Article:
Bottled water is often high in
heavy alkaline minerals and usually contains sodium or carbonation.
Bottled drinking water varies in composition and flavor depending on
the source of the water and processing method used.
Labels may or may
not disclose the source of the water and descriptive terms that appear
on bottled water labels may or may not have legal definitions. However,
if the manufacturer lists the source, it must be able to defend the
Bottled water has not been proven effective for any
Bottled water manufacturers are not permitted to make
health claims about bottled water. Further, FDA prohibits any medical
claim to be made for any bottled water product.
ACNielsen, Americans spent about $9 billion on bottled water in 2003.
Consumption is slowing, and prices are increasing.
water-related trend is also taking place. ACNielsen tells us that
people may be getting more water through the tap, or through the unit
on their refrigerator/freezer doors.
Americans went through
about 50 billion plastic water bottles last year, estimated 167 for
each person. Durable, lightweight containers manufactured just to be
Water bottles are made of totally recyclable polyethylene
terephthalate (PET) plastic, so we share responsibility for their
impact: Our recycling rate for PET is only 23%, which means we pitch
into landfills 38 billion water bottles a year--more than $1 billion
worth of plastic
We're moving 1 billion bottles of water around
a week in ships, trains, and trucks in the United States alone. That's
a weekly convoy equivalent to 37,800 18-wheelers delivering water.
Water weighs 81/3 pounds a gallon. It's so heavy you can't fill an
18-wheeler with bottled water--you have to leave empty space.
general types of bottled water are nonsparkling or still and sparkling
or carbonated. Used primarily as an alternative to tap water for
drinking, cooking and ice cubes, still water is any bottled water
without carbonation. More than 90 percent of the bottled water consumed
in the U.S. is of this type. Consumed as a refreshment beverage, in
place of soft drinks or alcoholic beverages, sparkling water is water
carbonated with carbon dioxide.
We pitch into landfills 38 billion water bottles a year--in excess of $1 billion worth of plastic.
water is regulated at the federal and state level. At the federal
level, bottled water is regulated as a food and, therefore, comes under
the jurisdiction of the U.S. Food and Drug Administration (FDA).
Bottled water is subject to the requirements of the federal Food, Drug,
and Cosmetic Act, and, if it is sold as a consumer commodity, is
subject to the Fair Packaging and Labeling Act. In the code of Federal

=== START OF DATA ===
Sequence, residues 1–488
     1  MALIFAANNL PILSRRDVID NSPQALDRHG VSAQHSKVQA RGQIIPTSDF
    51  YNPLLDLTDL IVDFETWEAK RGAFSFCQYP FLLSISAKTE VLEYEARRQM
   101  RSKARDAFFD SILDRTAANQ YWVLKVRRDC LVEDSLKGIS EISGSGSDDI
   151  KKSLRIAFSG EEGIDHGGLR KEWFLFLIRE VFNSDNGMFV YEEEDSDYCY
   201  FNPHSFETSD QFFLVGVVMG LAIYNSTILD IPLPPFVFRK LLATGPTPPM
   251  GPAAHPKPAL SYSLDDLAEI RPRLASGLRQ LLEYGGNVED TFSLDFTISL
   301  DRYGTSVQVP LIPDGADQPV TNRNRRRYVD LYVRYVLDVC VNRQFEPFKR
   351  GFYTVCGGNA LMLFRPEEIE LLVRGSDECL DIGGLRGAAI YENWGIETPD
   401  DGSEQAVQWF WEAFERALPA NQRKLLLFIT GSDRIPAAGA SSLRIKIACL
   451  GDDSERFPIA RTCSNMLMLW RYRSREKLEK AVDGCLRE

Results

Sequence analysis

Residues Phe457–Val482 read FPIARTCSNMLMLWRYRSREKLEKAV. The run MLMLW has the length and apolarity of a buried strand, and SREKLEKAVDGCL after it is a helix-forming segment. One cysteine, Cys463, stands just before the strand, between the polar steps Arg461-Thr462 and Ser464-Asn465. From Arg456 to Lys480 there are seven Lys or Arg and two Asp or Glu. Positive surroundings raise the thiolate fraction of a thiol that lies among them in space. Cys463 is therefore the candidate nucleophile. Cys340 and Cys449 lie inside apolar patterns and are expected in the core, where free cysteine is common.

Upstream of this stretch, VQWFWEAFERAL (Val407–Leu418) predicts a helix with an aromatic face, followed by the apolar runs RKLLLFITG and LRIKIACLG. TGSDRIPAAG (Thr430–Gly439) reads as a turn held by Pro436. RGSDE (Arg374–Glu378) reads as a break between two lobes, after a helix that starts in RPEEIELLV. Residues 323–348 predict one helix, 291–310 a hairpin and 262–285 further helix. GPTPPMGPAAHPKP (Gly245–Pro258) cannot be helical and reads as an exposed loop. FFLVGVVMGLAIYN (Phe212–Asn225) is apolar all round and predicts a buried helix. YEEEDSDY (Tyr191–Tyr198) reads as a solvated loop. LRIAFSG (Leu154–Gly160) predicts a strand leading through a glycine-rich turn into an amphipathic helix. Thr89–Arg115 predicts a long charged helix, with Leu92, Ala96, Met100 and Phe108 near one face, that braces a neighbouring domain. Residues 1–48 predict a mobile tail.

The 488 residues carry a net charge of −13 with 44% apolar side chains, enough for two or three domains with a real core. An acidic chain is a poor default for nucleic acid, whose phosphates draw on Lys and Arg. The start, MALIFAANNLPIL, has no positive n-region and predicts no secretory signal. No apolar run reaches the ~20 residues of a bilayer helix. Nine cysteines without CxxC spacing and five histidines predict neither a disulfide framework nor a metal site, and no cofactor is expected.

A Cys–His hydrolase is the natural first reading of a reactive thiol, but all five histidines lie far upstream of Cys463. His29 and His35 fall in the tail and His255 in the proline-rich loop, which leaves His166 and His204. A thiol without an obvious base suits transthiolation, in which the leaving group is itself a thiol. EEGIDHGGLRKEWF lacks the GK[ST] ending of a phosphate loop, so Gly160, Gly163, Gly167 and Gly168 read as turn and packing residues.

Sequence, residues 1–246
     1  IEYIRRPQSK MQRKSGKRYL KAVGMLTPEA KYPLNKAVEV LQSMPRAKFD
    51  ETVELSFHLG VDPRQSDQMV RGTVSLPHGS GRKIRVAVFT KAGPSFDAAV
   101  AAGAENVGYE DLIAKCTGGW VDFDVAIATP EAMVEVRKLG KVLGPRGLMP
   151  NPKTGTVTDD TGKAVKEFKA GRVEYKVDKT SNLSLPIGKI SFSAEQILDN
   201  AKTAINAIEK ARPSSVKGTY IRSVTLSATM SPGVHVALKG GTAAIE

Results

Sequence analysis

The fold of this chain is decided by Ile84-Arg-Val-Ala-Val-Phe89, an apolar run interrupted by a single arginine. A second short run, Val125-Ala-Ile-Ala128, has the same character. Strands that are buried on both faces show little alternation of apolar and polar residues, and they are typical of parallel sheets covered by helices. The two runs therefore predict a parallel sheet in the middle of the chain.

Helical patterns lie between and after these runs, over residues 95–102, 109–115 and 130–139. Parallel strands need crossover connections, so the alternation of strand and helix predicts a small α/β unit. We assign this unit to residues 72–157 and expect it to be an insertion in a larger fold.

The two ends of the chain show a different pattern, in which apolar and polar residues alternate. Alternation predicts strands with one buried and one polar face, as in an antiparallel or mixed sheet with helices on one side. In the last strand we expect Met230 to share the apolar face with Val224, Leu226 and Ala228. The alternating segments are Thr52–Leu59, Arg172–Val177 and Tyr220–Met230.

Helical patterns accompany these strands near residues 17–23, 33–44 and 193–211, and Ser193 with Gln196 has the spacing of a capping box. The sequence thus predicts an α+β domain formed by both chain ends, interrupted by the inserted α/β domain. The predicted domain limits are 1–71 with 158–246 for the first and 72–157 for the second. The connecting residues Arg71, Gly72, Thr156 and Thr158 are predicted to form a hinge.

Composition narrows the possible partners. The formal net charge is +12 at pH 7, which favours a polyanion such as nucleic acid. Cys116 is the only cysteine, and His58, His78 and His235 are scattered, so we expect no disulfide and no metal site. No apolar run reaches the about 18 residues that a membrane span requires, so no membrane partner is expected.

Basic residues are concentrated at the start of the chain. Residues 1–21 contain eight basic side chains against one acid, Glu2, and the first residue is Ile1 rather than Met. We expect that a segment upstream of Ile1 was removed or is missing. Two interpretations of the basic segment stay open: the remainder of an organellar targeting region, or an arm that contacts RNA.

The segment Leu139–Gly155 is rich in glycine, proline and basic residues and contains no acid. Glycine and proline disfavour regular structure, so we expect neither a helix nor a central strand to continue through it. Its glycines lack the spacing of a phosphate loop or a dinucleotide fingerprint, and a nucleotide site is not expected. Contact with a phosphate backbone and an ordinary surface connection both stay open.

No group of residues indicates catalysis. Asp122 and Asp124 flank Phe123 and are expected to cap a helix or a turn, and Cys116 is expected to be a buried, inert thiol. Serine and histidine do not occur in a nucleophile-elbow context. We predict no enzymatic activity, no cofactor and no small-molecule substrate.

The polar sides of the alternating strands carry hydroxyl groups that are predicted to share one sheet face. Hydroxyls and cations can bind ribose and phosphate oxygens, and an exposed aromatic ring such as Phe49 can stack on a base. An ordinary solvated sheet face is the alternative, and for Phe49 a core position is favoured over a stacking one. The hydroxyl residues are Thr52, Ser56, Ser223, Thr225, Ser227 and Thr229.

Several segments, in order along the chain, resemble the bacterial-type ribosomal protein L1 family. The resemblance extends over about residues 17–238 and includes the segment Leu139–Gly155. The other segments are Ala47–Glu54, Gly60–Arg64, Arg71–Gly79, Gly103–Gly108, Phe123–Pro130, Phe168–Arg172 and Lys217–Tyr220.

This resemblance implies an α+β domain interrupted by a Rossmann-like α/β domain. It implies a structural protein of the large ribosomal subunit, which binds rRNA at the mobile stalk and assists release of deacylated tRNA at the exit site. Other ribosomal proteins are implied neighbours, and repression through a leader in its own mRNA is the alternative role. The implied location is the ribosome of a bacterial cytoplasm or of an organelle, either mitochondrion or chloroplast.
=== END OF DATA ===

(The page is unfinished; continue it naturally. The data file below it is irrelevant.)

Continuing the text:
Regulations, FDA has established standard of identity and standard of
quality regulations for bottled water (21 CFR 103.35 and 165.l10), and
current good manufacturing practice (CGMP) regulations for processing
and bottling of bottled drinking water (21 CFR part 129). FDA’s rules
are weaker in many ways than EPA (Tap Water) rules.
Bottled Water and self life - indefinitely shelf live under optimal conditions
The FDA has not established a shelf life for bottled water. In the United States bottled water's shelf life is date stamped for two years. This acts as a SKU number and is mainly for stock rotation purposes. It does not imply that the product is compromised after that date. As long as bottled water is packaged in accordance with FDA processing and good manufacturing practices, 21 CFR, Part 129, and is meeting the FDA quality standard provisions as outlined in 21 CFR, Part 165, the product's shelf life should remain intact for an indefinite period of time.
Properly stored bottled water has indefinitely shelf live. However, long-term storage of bottled water may result in aesthetic defects, such as off-odor and taste.
IBWA advises consumers to store bottled water in an unopened container at room temperature (or cooler), out of direct sunlight and away from solvents and chemicals such as gasoline, paint thinners and dry cleaning chemicals.
Bottled water is an excellent choice for emergency water storage.
FDA Good Manufacturing Practices mandate that bottled water be produced in a sanitary environment and bottled in sanitary, safety-sealed containers.
Tap Water – rotate every six month under optimal conditions
The recommendations are different for water (tap water) that is filled in containers and stored for an food and water emergency.
FEMA recommendations for water that is self bottled are to store the water in thoroughly washed plastic, glass, fiber glass or enamel-lined metal containers.
Plastic containers such as soft drink bottles are considered a good choice. The containers need to be sealed tightly, labeled and stored in a cool dark place.
The recommendation is to rotate water every six month.
Recently released emergency preparedness guidelines issued by the U.S. Department of Homeland Security recommend that all households maintain an emergency supply of water -- at least one gallon per person per day for three days -- for drinking, cooking and personal hygiene.
"To the people of poor nations, we
pledge to work alongside you to make
your farms flourish and LetCleanWatersFlow, to nourish starved
bodies and feed hungry minds. And to those nations like ours that enjoy
relative plenty, we say we can no longer afford indifference to
suffering outside our borders; nor can we consume the world's resources
without regard to effect. For the world has changed, and we must change
with it". Source: President Obama, Inaugural Speech, January 20, 2009, Washington, DC, USA.